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Genesys to sponsor June IndyCar race at Texas

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One of the newest brands to join the NTT IndyCar Series has inked another sponsorship deal to further their presence in the sport.

Genesys, the customer service technology company that recently announced their sponsorship of James Hinchcliffe in three races this season, has signed a multi-year deal to become the title sponsor of the IndyCar’s annual night race at Texas Motor Speedway. DXC Technology previously served as the title sponsor in 2018 and 2019.

Dubbed the Genesys 600, the June 6 race will mark the 33rd time and 24th consecutive year that IndyCar has competed on the 1.5-mile tri-oval near Fort Worth. The series has held at least one event at Texas since the track’s inaugural season in 1997.

“We share a passion with IndyCar and Texas Motor Speedway for delivering great experiences, so naming this iconic event the Genesys 600 is a natural fit,” Genesys CEO Tony Bates said. “That coupled with the fact that Texas is home to a large concentration of Genesys customers and employees, gives us a great opportunity to play host to both IndyCar fans and James. We’re honored to be part of this exciting race under the lights at Texas Motor Speedway.”

Just as he will during the month of May at Indianapolis, Hinchcliffe will drive the No. 29 Andretti Autosport Honda with sponsorship from Genesys in June’s race at TMS.

“I am pumped to see Genesys as the title sponsor of the Genesys 600 race here at the Texas Motor Speedway. This is a world-class company that is laser-focused on building their brand around myself, Andretti Autosport and IndyCar racing,” said Hinchcliffe. “Adding this to their program further solidifies their dedication to moving as fast as the race pace here at the track. It’s really exciting to see.”

The Genesys 600 will run in conjunction with a NASCAR Gander RV & Outdoors Truck Series race on June 5.

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Supercross points leader Eli Tomac finds silver linings in interruption

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Though his Monster Energy AMA Supercross championship charge was put on hold, the novel coronavirus (COVID-19) pandemic had a silver lining for Eli Tomac.

Off the road while the season was postponed for nearly three months, the points leader was able to be present as his girlfriend, Jessica, gave birth to their daughter, Lev, on April 26

“A huge blessing for us there,” Tomac told host Mike Tirico during a “Lunch Talk Live” interview (click on the video above) in which he also joked about becoming a pro at busting off diaper changes. “That was one good blessing for us as we had our daughter on a Sunday, that would have been on a travel day coming back from the race in Las Vegas.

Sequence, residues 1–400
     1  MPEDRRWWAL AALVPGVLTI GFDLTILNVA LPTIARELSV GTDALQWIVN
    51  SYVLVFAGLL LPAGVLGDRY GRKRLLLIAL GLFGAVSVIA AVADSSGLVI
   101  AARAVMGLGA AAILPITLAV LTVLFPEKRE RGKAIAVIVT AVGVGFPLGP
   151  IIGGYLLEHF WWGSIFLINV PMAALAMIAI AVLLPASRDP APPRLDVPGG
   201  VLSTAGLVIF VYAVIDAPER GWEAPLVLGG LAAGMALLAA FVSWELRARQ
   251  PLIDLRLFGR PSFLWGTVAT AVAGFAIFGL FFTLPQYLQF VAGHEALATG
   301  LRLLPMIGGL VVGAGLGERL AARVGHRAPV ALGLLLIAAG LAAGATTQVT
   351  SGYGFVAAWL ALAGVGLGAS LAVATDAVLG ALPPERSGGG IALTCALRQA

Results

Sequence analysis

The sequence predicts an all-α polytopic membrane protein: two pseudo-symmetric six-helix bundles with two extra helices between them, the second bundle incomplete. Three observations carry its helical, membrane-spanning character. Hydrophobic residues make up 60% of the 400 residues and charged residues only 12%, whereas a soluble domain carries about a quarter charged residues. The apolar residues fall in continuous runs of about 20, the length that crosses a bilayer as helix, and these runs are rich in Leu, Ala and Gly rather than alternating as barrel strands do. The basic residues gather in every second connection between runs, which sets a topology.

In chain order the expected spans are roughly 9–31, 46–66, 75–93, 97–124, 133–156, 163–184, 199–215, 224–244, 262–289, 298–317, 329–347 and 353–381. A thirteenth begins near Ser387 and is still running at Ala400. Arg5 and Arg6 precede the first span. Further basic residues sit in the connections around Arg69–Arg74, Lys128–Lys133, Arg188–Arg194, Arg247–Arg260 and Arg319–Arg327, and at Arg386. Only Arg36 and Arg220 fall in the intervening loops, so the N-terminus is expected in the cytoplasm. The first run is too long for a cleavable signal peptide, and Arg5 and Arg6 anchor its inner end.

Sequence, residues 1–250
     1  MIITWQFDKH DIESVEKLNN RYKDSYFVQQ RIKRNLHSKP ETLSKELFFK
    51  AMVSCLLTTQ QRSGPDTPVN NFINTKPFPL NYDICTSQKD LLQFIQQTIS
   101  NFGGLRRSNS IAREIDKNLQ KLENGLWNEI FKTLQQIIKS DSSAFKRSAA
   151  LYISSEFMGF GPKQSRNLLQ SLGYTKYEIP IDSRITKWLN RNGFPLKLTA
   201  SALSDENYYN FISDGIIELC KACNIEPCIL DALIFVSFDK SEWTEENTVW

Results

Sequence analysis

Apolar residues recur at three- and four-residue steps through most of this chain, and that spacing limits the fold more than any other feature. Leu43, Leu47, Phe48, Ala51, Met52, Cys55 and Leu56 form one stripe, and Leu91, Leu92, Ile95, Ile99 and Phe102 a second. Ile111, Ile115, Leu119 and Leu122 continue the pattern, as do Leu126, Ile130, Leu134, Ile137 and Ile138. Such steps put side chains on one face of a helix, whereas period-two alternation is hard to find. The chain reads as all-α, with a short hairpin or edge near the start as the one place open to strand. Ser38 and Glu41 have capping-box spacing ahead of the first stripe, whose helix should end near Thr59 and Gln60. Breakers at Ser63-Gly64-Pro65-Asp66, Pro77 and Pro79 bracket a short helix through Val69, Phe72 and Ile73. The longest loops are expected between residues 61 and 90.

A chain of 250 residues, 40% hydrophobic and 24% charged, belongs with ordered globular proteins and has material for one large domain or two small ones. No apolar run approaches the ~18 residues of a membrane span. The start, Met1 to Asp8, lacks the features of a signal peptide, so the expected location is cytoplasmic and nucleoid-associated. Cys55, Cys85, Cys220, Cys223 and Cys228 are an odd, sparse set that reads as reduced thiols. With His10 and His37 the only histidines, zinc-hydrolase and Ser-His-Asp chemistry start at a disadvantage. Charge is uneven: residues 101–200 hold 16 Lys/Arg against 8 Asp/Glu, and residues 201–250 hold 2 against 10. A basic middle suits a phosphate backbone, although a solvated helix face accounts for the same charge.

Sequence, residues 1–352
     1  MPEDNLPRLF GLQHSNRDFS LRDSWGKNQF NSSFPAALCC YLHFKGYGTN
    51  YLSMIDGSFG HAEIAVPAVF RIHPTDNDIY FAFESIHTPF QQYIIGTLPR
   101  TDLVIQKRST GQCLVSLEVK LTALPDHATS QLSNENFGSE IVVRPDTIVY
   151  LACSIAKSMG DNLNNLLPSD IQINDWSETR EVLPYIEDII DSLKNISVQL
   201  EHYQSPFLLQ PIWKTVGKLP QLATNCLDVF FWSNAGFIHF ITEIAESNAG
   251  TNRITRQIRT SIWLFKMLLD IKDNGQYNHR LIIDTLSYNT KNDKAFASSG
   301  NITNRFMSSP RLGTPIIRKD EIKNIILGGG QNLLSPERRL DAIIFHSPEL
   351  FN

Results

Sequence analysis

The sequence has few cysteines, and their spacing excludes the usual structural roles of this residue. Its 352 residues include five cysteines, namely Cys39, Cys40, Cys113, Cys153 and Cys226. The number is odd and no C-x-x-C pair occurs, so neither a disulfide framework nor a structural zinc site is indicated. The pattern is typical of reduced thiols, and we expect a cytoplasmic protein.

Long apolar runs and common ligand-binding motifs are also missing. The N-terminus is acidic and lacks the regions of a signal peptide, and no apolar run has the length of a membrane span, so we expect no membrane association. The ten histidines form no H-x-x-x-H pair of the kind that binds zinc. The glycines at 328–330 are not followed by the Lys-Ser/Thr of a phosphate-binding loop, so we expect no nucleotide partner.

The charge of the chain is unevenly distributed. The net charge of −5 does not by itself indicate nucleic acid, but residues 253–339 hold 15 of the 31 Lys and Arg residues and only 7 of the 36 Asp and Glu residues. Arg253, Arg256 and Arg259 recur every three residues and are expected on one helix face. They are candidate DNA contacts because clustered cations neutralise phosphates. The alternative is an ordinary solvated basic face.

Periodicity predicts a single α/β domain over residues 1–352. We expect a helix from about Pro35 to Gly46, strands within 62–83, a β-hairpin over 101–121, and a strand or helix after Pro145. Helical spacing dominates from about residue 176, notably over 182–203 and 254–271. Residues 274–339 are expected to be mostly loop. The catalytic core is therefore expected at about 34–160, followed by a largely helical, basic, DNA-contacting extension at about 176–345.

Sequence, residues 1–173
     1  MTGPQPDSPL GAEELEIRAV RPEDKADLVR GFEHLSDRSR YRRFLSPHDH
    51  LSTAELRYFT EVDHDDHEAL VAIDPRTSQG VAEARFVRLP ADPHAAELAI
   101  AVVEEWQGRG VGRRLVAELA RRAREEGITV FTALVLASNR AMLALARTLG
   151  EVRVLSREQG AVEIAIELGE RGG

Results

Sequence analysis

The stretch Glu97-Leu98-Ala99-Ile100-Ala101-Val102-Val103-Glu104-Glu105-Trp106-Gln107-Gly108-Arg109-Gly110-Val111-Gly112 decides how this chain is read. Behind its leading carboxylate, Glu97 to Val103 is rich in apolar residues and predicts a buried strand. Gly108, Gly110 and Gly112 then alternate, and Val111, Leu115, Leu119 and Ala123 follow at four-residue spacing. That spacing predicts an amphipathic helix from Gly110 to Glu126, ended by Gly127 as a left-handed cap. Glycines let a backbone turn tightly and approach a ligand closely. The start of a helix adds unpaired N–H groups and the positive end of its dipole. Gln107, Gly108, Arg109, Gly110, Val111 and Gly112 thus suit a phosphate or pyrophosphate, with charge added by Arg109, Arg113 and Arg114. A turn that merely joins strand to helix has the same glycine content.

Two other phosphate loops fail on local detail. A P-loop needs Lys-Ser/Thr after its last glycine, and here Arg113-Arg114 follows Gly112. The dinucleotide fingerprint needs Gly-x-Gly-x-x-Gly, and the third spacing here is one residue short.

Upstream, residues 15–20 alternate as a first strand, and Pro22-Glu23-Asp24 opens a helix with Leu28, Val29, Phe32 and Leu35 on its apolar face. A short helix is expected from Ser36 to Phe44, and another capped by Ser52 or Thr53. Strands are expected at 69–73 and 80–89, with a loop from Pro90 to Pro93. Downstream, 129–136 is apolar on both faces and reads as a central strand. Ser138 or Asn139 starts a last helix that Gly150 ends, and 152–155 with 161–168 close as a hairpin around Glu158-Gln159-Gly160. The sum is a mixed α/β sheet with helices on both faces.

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“That was probably the only positive out of all this mess was being able to be there for the birth.”

But there also could be more good fortune for Tomac as the series resumes Sunday at Salt Lake City, Utah (3-4 p.m. ET on NBCSN, 4-6 p.m. on NBC).

The final seven events will be held over 22 days in Rice-Eccles Stadium, which sits at just over 4,000 feet.

The elevation could favor Tomac, who was born and lives in Colorado and is accustomed to riding and training at altitude, which is a departure for many Supercross riders (many of whom hail from California and Florida).

COVID-19 TESTING REQUIRED: Supercross outlines protocols for last seven races

“That’s going to be the test for us,” said the Kawasaki rider, who five of the first 10 races this season. “We’re at elevation in Salt Lake, so when you’re on a motorcycle, you have a little bit of a loss of power. That’s just what happens when you come up in elevation. And a lot of guys train at sea level, and we’re at 4,000 to 5,000 feet, so cardio-wise, we’ll be pushed to the limit.

“Most of our races are Saturday nights and back to back weeks, but this go around it’s Sunday and Wednesday, so recovery is going to be key.”

Supercross will race Sunday and Wednesday for the next three weeks, capping the season with the June 21 finale, which also will be shown on NBCSN from 3-4:30 p.m. ET and NBC from 4:30-6 p.m. ET.

Tomac, who holds a three-point lead over Ken Roczen (who also recently visited “Lunch Talk Live”), told Tirico he had been riding for 90 minutes Thursday morning on a track outside Salt Lake City.

“Most of us we can rely on our past riding pretty well,” Tomac said. “The question is if you can go the distance. That’s what a lot of guys have to train on is going the distance. We go 20 minutes plus a lap. That’s what you’ve got to keep sharp is your general muscles. Within two to three days, your brain starts warming up more if you take a few weeks off the motorcycle.”

Here is the schedule and TV information for the rest of the season:

  • Sunday, May 31 (3-4 p.m. ET, NBCSN; 4-6 p.m. ET, NBC);
  • Wednesday, June 3 ( 10:00 pm – 1:00 am ET, NBCSN);
  • Sunday, June 7 (5-8:00 p.m. ET, NBCSN);
  • Wednesday, June 10 (7–10 p.m. ET, NBCSN);
  • Sunday, June 14 (7-10 p.m. ET, NBCSN);
  • Wednesday, June 17 (7-10 p.m. ET, NBCSN);
  • Sunday, June 21 (3-4:30 p.m. ET, NBCSN; 4:30 – 6:00 p.m. ET, NBC).
Eli Tomac rides his No. 3 Kawasaki in the Feb. 29 race at Mercedes-Benz Stadium in Atlanta, Georgia (Charles Mitchell/Icon Sportswire via Getty Images).